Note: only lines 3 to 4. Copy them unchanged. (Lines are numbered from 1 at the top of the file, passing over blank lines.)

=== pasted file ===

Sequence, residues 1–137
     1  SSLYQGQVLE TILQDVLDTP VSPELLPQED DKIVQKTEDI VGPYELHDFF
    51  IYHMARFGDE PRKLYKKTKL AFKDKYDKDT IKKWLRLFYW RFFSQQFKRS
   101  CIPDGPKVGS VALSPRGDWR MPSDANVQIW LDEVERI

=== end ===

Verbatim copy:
    51  IYHMARFGDE PRKLYKKTKL AFKDKYDKDT IKKWLRLFYW RFFSQQFKRS
   101  CIPDGPKVGS VALSPRGDWR MPSDANVQIW LDEVERI